Review by Emma Whitelaw
ONCE again the Union Theatre plays host to a
quality production that just oozes with talent.
Friedrich Schiller’s Maria Stuart is the
tale of two squabbling sisters. Not just any sisters either, they
are none other than Elizabeth, Queen of England and exiled Scottish
ruler, Mary Stuart.
Two religions divide a people and a land. Both rulers exploit
their own religion in order to control their people. Elizabeth
is threatened by the arrival of her sister.
In a recently Protestantised England, the Virgin Queen realises
the risk a Catholic 'queen in waiting' poses to her throne.
Mary’s head is on the block. Elizabeth wants her dead but
wants no part of it either. Instead, she embarks upon a devious
plot to have her nemesis executed while appearing to be seemingly
innocent to her people.
The contrast between Rebecca Mordan’s Queen Elizabeth and
Lucinda Raikes' Mary Stuart is exquisite.
Mordan’s characterisation is simply stunning; she plays
an almost un-human ruler, cold, brutal bordering on evil. Raikes,
on the other hand, brings a feminine softness to the show; her
talented portrayal of the doomed monarch was indeed delicately
Elizabeth plays her court like pawns, or at least she thinks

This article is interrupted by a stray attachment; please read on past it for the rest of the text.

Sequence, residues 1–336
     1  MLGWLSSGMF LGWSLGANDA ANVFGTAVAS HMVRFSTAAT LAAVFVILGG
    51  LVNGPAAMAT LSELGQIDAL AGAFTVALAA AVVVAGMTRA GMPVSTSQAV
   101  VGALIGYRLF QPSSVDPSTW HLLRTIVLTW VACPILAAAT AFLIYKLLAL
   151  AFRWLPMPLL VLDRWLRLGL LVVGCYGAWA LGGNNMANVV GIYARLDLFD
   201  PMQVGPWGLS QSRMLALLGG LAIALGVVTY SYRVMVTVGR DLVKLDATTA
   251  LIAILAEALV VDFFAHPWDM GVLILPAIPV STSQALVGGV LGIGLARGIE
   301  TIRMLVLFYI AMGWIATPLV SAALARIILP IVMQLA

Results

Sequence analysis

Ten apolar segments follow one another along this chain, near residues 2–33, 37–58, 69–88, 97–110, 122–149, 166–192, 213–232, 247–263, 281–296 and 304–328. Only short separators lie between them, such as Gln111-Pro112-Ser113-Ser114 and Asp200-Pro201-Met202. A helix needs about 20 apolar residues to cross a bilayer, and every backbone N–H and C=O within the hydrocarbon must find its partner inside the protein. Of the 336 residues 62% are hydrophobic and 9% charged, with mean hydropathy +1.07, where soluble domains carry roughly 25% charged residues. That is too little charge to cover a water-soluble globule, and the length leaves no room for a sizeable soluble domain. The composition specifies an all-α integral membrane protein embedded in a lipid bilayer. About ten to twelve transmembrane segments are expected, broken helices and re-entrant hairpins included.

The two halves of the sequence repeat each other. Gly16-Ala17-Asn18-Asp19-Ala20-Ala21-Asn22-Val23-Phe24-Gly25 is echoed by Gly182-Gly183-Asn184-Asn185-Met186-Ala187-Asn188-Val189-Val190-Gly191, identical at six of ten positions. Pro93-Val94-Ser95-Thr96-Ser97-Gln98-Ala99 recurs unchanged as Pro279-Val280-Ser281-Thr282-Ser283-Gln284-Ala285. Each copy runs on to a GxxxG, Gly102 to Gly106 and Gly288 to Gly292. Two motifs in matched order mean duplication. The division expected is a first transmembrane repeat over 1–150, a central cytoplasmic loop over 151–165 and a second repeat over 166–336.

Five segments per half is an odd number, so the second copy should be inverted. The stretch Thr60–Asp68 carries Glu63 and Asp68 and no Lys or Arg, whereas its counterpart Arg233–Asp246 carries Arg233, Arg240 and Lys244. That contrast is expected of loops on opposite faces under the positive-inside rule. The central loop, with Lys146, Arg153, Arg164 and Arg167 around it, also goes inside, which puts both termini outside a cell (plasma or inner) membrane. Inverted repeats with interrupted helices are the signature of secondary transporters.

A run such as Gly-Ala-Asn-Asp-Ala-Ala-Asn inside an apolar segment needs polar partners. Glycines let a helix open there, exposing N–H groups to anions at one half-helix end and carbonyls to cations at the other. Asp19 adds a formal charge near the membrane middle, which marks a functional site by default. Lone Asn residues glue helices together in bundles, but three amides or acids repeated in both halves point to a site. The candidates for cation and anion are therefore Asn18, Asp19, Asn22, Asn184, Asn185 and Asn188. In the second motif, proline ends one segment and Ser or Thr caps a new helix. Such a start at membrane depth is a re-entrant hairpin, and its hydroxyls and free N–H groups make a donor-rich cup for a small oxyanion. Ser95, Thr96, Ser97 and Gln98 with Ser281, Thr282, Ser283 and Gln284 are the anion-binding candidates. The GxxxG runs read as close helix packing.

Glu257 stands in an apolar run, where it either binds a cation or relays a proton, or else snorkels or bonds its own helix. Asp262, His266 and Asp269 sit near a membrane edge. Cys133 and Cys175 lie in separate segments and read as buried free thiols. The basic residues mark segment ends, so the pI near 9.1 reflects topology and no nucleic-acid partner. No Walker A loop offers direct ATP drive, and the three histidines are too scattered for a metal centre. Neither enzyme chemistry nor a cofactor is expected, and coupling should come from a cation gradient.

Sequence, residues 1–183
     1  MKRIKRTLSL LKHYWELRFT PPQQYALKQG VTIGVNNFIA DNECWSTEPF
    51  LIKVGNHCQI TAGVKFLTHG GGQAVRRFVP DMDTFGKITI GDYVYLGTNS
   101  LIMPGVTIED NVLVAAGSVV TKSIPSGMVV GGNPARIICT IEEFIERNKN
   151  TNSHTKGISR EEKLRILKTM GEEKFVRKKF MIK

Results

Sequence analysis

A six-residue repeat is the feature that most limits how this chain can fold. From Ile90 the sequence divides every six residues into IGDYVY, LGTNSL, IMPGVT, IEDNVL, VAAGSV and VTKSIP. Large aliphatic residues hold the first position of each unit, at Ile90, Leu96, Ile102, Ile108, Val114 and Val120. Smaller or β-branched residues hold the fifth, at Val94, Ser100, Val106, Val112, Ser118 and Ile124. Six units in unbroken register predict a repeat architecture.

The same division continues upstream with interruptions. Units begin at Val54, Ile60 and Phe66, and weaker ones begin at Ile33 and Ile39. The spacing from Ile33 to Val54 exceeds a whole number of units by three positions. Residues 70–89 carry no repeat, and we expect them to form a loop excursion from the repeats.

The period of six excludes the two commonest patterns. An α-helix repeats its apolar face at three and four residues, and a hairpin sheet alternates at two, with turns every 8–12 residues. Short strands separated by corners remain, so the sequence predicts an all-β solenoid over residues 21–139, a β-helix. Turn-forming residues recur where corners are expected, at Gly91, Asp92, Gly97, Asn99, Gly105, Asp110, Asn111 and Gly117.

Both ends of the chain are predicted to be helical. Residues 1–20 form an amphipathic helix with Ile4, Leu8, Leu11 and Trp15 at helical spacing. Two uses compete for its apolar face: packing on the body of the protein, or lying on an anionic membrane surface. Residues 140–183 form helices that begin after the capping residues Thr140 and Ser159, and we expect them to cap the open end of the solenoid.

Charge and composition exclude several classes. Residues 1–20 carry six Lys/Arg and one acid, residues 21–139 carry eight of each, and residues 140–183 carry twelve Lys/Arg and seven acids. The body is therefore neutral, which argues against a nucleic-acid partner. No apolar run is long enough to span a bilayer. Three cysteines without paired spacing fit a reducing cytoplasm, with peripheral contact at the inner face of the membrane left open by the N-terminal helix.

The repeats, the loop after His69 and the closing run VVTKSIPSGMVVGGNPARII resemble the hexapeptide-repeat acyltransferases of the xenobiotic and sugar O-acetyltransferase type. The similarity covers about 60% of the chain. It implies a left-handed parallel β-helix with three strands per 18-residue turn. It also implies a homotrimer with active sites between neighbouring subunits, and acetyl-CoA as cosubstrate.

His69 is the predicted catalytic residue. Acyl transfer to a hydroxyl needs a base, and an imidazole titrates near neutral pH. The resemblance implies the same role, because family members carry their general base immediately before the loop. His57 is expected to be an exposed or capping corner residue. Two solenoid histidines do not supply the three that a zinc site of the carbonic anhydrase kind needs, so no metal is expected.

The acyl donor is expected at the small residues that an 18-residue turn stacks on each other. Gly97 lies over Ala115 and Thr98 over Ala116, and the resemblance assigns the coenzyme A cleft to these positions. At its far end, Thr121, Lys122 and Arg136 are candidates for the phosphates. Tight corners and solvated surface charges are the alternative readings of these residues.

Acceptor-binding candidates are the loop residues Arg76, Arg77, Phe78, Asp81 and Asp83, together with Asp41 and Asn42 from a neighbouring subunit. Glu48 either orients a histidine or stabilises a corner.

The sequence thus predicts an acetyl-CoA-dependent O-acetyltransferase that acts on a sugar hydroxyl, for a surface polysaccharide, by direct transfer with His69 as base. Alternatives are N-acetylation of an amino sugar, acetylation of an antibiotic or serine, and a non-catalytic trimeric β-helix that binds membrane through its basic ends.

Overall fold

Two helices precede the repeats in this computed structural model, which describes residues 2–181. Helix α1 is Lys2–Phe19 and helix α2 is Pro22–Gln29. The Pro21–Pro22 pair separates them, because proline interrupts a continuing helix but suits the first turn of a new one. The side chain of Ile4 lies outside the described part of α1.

Lord Leicester, played by the delightful Nick Ash, has a hidden
agenda. He is the queen’s Beau, yet he plans to undermine
her throne in order to pursue the woman he truly loves, Mary.
He uses his charm to lure Elizabeth into meeting with her enemy.
The meeting is disastrous! Instead
of the shameless beseeching Elizabeth expects from Mary, all she
receives is a hysterical outburst from the woman who’s life
lies in her hands.
Elizabeth is outraged and their courtiers fight hard to keep
the two from breaking into a catfight.
Before the play even begins the audience is well aware of the
fate that awaits Mary. The opening 'photo-lab' scene emphasises
this also, as we see a photomontage Mary dance about the stage
like a puppet only to have her head ripped off. The significance
of this foreshadows what is to come and sets the scene for the
perilous tale that is to come.
The use of props throughout the show was most imaginative; I
particularly liked the way in which poles were used to frame Queen
Elizabeth, as though she were a portrait, cold and untouchable.
The costuming, too, was inventive. Elizabeth, in full Elizabethan
dress, complete with ruff and corset, was juxtaposed against the
rest of the cast in modern attire.
Mary's dresses, too, were indicative of her fate, her darker
velvet dress was replaced by a angelic cream satin, almost ghostlike
gown in the second act.
The drama that lies within British history is indeed a playwright's
dream! Schiller certainly appears to have had fun with Maria
Stuart, yet at the same time his political commentary is
both evocative and compelling.
MARIA STUART by Friedrich Schiller. Translated by Hilary
Collier Sy-Quia and Peter Oswald. Directed by Ryan McBryde. Starring
Livy Armstrong, Nick Ash, John Gorick, Rebecca Morden, David Newman,
Lucinda Raikes, Lesley Stone and Patrick Taggart. Feb 8 to March
5. (7.30pm) (exc. Suns and Mons) at Union Theatre, 204 Union Street,
Southwark SE1 0LX. Box office 020 7621 9876.